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Rep. Victoria Spartz, the first Ukrainian-born member of Congress to speak with other members ahead of the start of President Joe Biden’s State of the Union speech on March 1. (J. Scott Applewhite / Pool / AP / Getty Images)

Rep. Victoria Spartz, the first Ukrainian-born member of Congress, calls on the State Department to send its diplomats back to Ukraine.

Spartz, a Republican from Indiana, on Tuesday sent a letter to U.S. Secretary of State Antony Blinken in which he said the United States should consider relocating U.S. diplomats to Lviv in western Ukraine to ensure better coordination with Ukraine. Spartz pointed to the actions of the European Union, which returned its diplomatic corps to Kiev.

“As the largest single provider of military and humanitarian aid to Ukraine, it is time for the United States to follow our European allies in kind,” Spartz wrote.

The United States and other countries withdrew their diplomats and evacuated embassies and consulates from Kiev in the days leading up to Russia’s invasion of Ukraine and moved them to the western city of Lviv. These officials were quickly moved to Poland and commuted into Lviv, and the Ministry of Foreign Affairs suspended all diplomatic services in Lviv just before the Russian invasion began.

In recent days, Ukrainian President Volodymyr Zelensky has called on several countries to restore their diplomatic presence in the country.

“We need your support, even at the level of symbols and diplomatic gestures. Please come back, everyone who is brave, please come back to our capital and keep working,” Zelensky said last week.

However, given the ongoing fighting and concerns about renewed Russian aggression in eastern Ukraine, the Biden administration is not taking steps to open its embassy in Ukraine in the short term, despite other countries starting to do so, according to two US officials. who is familiar with the matter.

What other legislators are saying: Spartz’s letter marks a public outcry for the United States to reconsider this position. A Democratic lawmaker who supports the re-establishment of a diplomatic presence in Ukraine said there have been questions from the region as to why Americans are not there as other countries have re-entered.

Another Democrat, however, said the State Department has good reason to be cautious about moving Americans back to Ukrainian soil. While Russia has refocused its war effort against the eastern and southern regions of the country, Russia’s air force can still attack Kyiv and Lviv. While any civilian death from NATO countries in Ukraine may threaten to escalate the conflict with Russia, there are significantly different implications for the United States, the legislator said, “It is a very different security situation and escalating stance.”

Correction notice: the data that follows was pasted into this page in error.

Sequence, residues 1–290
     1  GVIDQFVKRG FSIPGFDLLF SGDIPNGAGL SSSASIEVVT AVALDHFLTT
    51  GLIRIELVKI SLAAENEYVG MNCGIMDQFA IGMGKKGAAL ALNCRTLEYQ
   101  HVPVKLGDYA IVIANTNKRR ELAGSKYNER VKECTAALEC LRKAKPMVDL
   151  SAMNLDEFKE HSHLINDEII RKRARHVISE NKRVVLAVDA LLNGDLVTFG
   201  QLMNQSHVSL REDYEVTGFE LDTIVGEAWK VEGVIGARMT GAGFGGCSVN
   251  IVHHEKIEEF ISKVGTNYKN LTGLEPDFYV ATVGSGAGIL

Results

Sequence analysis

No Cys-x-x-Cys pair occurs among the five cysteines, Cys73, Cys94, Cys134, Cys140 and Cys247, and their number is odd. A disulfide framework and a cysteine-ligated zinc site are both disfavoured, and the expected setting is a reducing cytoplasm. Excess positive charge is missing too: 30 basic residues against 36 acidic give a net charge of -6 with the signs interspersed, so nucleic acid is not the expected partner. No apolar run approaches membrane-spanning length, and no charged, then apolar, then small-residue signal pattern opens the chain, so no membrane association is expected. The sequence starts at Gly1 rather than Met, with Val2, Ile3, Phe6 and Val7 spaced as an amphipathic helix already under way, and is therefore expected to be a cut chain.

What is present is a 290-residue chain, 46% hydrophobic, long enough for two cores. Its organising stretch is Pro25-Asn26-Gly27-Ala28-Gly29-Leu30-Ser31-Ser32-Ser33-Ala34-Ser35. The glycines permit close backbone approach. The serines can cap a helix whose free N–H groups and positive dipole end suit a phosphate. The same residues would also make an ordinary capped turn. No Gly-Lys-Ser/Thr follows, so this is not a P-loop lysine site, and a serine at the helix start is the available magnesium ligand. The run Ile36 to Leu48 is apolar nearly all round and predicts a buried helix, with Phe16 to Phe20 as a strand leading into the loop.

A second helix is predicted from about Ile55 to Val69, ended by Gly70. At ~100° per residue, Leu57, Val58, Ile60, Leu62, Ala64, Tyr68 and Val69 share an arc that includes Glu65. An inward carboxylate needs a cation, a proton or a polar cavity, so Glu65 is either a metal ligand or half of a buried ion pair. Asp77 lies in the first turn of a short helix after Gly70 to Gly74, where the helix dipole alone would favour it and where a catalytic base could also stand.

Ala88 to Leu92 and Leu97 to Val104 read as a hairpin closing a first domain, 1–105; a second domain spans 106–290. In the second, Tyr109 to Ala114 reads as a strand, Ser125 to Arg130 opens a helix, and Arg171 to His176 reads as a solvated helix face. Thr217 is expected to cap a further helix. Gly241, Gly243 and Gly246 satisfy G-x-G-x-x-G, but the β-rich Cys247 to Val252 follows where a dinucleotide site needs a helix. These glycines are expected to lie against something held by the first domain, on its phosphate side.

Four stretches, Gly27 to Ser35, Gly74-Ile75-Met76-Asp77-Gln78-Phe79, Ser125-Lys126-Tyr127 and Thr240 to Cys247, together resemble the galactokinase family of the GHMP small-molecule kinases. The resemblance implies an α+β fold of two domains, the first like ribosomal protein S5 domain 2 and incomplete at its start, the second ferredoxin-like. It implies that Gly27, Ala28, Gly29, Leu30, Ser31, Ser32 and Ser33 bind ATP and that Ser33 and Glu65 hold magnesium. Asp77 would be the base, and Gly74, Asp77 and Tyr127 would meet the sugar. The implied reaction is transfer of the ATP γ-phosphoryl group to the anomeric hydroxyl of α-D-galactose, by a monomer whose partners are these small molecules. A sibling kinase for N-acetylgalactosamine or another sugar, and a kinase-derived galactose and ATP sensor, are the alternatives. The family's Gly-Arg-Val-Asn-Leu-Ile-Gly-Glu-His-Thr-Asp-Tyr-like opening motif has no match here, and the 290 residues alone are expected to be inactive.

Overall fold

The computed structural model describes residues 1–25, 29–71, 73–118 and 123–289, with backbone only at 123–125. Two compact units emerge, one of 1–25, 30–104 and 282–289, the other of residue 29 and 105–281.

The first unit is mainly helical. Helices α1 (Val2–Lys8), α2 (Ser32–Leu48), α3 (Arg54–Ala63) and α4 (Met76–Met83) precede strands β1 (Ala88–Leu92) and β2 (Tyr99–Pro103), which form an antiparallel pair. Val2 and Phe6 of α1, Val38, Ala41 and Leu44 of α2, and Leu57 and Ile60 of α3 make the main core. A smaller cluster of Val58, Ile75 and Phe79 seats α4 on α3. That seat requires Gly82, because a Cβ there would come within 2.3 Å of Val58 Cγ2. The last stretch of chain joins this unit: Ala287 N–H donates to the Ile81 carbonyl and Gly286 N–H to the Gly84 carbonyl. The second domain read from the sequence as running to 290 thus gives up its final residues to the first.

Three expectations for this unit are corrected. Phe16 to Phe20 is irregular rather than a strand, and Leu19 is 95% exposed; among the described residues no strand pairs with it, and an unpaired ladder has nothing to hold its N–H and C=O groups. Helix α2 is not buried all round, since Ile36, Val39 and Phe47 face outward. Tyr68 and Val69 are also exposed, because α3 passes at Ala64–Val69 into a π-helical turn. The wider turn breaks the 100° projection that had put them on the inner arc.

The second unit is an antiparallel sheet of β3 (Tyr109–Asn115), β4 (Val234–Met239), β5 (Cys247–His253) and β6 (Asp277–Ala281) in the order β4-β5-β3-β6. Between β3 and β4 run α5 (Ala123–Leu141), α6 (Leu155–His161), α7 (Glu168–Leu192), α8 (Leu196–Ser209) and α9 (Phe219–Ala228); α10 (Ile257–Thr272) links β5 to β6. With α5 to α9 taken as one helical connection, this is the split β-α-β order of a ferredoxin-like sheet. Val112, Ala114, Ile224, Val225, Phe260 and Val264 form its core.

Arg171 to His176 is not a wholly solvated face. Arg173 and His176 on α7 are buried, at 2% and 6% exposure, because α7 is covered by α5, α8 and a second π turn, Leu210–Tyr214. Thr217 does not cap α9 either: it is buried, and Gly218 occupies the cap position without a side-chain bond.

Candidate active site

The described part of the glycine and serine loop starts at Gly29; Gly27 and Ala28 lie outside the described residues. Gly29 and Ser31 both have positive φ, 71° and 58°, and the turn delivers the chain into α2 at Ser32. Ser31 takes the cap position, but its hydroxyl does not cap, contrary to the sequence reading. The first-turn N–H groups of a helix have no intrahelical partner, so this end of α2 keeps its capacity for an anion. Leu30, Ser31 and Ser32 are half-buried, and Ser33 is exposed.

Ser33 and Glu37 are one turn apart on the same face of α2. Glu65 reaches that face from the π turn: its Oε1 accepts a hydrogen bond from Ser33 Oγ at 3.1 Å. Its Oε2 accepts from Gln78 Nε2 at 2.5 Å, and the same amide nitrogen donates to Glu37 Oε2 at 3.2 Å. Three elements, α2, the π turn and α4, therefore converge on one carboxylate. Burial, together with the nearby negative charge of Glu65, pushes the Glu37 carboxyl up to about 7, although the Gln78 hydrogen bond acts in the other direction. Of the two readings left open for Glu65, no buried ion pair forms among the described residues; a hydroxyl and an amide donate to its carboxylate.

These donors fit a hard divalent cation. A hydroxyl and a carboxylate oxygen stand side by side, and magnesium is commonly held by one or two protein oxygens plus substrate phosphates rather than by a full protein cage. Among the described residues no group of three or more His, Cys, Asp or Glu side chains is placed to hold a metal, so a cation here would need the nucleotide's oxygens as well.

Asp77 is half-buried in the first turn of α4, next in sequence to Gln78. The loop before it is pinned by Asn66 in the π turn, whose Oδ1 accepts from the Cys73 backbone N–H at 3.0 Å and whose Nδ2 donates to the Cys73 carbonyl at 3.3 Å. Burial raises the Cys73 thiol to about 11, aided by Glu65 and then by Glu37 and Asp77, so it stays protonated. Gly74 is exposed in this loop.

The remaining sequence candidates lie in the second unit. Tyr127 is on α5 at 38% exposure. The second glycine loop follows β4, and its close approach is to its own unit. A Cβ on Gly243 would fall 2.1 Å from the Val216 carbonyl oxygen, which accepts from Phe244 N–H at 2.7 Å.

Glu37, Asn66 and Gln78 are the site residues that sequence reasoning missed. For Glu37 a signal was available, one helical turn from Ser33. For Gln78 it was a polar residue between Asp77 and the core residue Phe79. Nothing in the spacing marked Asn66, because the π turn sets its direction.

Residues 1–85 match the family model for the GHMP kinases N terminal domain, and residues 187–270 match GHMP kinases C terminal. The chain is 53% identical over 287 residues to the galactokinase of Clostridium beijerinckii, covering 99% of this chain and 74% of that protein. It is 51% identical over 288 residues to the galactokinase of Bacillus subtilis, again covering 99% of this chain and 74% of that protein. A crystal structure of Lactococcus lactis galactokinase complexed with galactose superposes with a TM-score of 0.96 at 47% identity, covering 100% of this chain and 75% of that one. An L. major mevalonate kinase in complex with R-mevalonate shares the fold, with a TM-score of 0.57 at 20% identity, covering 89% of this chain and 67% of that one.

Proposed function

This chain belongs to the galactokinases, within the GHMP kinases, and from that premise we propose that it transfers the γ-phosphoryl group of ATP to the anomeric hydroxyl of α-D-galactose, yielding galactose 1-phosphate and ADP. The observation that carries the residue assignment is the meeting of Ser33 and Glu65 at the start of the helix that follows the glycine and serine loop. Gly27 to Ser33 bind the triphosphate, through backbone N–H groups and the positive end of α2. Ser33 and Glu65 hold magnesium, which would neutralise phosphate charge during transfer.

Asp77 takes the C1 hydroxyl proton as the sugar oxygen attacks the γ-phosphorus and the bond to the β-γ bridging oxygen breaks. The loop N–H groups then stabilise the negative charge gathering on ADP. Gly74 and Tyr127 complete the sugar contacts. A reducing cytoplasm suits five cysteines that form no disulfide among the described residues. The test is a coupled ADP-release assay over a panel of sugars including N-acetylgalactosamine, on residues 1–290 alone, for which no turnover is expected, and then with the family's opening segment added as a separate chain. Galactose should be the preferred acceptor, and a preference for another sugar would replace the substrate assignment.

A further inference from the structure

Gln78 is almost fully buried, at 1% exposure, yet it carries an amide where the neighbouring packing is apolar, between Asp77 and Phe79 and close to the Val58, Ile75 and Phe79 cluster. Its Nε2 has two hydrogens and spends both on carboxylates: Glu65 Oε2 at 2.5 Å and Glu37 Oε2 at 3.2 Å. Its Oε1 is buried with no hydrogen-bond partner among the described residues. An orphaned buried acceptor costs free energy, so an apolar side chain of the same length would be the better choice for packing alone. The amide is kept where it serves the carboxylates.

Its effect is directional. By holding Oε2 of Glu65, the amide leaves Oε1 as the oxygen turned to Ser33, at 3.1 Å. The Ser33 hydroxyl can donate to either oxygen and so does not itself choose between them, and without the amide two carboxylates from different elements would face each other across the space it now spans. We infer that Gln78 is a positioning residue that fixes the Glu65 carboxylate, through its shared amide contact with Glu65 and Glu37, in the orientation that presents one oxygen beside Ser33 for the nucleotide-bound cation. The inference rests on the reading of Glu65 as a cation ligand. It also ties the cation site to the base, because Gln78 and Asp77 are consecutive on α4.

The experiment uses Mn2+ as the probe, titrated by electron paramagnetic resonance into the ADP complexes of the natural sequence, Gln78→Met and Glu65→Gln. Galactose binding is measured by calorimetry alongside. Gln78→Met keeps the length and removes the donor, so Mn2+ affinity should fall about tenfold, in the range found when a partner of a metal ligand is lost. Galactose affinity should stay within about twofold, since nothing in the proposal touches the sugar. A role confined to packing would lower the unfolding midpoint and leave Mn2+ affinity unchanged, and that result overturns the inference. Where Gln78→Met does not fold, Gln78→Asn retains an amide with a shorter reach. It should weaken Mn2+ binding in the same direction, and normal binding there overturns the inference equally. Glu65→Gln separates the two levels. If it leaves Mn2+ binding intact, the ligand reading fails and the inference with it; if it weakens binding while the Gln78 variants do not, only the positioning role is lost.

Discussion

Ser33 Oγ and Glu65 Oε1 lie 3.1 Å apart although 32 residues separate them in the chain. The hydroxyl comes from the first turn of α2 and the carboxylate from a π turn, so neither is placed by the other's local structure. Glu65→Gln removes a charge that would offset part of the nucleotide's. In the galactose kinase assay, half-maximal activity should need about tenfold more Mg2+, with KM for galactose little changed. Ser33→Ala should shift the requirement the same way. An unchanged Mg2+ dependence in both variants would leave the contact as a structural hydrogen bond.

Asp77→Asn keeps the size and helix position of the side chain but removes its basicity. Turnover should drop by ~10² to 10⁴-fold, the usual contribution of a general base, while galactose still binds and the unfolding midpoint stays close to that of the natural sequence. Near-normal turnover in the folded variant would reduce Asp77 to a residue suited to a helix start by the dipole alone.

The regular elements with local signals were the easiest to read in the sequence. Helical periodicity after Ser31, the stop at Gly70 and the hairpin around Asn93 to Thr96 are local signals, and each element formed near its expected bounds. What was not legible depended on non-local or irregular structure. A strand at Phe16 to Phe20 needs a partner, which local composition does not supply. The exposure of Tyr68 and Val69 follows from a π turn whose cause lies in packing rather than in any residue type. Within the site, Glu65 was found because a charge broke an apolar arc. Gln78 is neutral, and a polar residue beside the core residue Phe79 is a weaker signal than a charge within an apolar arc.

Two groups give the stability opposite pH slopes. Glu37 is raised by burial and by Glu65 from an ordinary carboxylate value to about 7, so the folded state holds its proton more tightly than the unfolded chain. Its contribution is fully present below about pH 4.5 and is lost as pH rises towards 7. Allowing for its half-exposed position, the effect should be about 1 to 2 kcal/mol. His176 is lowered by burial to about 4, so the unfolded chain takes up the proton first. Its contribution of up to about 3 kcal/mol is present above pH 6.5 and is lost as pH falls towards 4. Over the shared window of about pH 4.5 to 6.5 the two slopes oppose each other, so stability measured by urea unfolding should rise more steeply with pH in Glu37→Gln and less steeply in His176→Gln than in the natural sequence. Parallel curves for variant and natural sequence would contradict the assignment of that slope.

Ukrainian officials and activists are watching other countries relocate to reopen their embassies, and they are frustrated by the US position. The European Union announced last week that it would resume its diplomatic presence in the Ukrainian capital.

Daria Kaleniuk, co-founder and CEO of the Anti-Corruption Action Center, also urges the United States to reopen its embassy “quickly.” Kaleniuk believes that the embassy is symbolically significant, but it is also important because it makes it easier to find congress visits and incoming shipments.

“What I learned is part of the reason why politicians do not come because there is no embassy. So the embassy can not give them support to come, ”Kaleniuk said after spending last week on Capitol Hill in a meeting with lawmakers. “The lack of – a US embassy in Ukraine also has a negative impact on the ability to buy advanced weapons. Entrepreneurs who build these advanced weapons, they see that there is not even an embassy in Ukraine, and they are not able to work on the contracts with Ukraine. “

Meanwhile, U.S. Senate Minority Leader Mitch McConnell said Monday that Congress may need to approve additional funding for military and humanitarian aid to Ukraine in its war with Russia, signaling early support for more assistance, as Senate Majority Leader Chuck Schumer also said will be necessary.

“With the speed at which we are sending them weapons and ammunition, we may have to make yet another supplementary” expenditure bill “to continue to arm the Ukrainians and” replenish “weapons to other NATO countries that have sent their stockpiles to Ukraine. said McConnell at a performance in the Kentucky Chamber of Commerce in Louisville.

Congress approved about $ 14 billion in aid to Ukraine last month. McConnell said the Ukrainians can win the war if they are properly supported.

“My position on this from the start is that our goal should be to win. To win. And I think the administration has been reluctant to say that the goal is to win, ”he said. “I think our definition of winning is what Zelensky says it is. In other words, as long as they want to fight, we should give them everything we can to win the match.”

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